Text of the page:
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Protein biomarkers accurately and quickly diagnose ALS, find Pittsburgh researchers

MILAN, Italy, Nov. 17 Detection of protein abnormalities in cerebrospinal fluid (CSF) of patients with amyotrophic lateral sclerosis (ALS) may allow physicians to more rapidly diagnose and better monitor drug efficacy in clinical trials for the disease, according to a novel study presented by a University of Pittsburgh researcher in Milan, Italy, today.

These findings may lead to the first test for early stage ALS, also know as Lou Gehrig's disease.

The study, presented by Robert Bowser, Ph.D., of the University of Pittsburgh School of Medicine at the 11th annual meeting of the International Alliance of ALS/MND Associations and 14th International Symposium on ALS/MND, identified ALS-specific biomarkers by protein profiling of cerebrospinal fluid from 25 ALS patients and 35 control subjects.

"There are no known diagnostic biomarkers for ALS and no sensitive methods to determine whether a particular drug is working in an ALS patient, nor any way to best test drug combinations for effectiveness," said Dr. Bowser, who is associate professor of pathology and director of the ALS Tissue Bank at the University of Pittsburgh School of Medicine. "A panel of biomarkers would not only be useful in a more rapid diagnosis of ALS, but also would be a valuable tool to evaluate drug efficacy in clinical trials. Protein profiling may also identify biochemical pathways leading to cell death and new therapeutic targets."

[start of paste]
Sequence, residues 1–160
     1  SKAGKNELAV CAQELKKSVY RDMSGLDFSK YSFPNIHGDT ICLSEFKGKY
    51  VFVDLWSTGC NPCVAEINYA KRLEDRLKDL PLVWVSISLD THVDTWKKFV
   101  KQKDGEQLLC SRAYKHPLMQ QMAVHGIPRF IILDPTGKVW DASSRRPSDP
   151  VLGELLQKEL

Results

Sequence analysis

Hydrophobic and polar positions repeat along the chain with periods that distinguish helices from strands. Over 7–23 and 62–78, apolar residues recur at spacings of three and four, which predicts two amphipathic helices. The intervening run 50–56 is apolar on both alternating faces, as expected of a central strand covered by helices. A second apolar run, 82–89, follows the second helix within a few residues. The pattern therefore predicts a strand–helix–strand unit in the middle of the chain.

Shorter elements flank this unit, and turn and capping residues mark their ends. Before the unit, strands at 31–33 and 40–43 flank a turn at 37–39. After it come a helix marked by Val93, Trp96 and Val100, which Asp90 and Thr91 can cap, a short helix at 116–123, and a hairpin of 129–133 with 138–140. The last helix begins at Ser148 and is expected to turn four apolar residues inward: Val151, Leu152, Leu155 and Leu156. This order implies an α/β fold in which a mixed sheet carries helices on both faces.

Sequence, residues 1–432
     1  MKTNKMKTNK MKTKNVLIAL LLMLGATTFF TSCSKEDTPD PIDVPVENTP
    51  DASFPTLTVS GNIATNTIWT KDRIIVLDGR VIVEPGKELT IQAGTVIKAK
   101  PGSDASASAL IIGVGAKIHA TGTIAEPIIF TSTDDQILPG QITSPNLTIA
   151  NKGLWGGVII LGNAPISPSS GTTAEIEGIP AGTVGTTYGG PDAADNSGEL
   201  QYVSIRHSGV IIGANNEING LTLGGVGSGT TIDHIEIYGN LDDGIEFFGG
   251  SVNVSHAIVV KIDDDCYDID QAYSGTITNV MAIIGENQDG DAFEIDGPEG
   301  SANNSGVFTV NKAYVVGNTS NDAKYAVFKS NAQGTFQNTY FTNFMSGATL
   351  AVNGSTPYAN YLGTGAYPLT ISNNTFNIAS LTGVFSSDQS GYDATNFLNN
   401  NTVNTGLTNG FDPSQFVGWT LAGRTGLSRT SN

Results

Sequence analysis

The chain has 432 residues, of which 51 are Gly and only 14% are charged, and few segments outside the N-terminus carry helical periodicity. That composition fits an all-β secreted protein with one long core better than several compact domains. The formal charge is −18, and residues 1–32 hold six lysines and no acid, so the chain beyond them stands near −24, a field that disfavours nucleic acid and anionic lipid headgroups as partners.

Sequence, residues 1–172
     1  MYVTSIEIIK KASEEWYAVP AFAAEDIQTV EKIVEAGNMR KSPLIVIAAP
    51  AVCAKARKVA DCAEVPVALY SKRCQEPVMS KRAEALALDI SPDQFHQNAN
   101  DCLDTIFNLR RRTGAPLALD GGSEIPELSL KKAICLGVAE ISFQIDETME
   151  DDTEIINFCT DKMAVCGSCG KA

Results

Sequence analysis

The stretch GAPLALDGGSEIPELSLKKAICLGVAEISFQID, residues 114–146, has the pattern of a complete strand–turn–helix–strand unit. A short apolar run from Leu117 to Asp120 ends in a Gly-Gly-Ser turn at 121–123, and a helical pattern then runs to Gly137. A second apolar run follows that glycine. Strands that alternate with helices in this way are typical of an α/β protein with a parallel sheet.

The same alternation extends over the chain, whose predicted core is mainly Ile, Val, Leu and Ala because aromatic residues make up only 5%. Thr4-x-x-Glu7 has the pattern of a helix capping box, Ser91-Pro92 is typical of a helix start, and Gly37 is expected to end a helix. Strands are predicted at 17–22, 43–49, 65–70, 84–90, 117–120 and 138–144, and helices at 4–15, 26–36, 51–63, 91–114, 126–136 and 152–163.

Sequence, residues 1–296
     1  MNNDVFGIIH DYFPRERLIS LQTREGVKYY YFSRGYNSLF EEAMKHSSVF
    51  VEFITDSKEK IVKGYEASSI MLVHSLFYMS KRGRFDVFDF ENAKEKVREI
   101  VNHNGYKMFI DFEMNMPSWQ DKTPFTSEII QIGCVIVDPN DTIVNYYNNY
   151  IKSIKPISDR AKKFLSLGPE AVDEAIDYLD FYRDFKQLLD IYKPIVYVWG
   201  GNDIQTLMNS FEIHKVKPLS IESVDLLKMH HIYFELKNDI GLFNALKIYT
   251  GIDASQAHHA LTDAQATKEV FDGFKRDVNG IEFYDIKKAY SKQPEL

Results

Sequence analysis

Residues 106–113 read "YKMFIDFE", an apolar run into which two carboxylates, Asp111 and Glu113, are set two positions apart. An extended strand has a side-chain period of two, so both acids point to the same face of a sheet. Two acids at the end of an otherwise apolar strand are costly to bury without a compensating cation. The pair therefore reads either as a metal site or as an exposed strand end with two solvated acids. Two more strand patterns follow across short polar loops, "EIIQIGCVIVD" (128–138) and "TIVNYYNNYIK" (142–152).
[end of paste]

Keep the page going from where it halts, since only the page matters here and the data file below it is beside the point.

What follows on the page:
CSF samples were obtained from recently diagnosed ALS patients and control subjects who did not have ALS. Some control subjects had no neurologic symptoms, while others had neurological diseases (including four with peripheral neuropathies, one with myopathy, one with probable Alzheimer's, one with demyelinating disorder, one with meningitis and one with autoimmune sensory motor axonopathy). CSF was used because it is in close contact with motor neurons and brain cells called glia affected by ALS and therefore may harbor high concent
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Contact: Frank Raczkiewicz
RaczkiewiczFA@upmc.edu
412-624-2607
University of Pittsburgh Medical Center
17-Nov-2003


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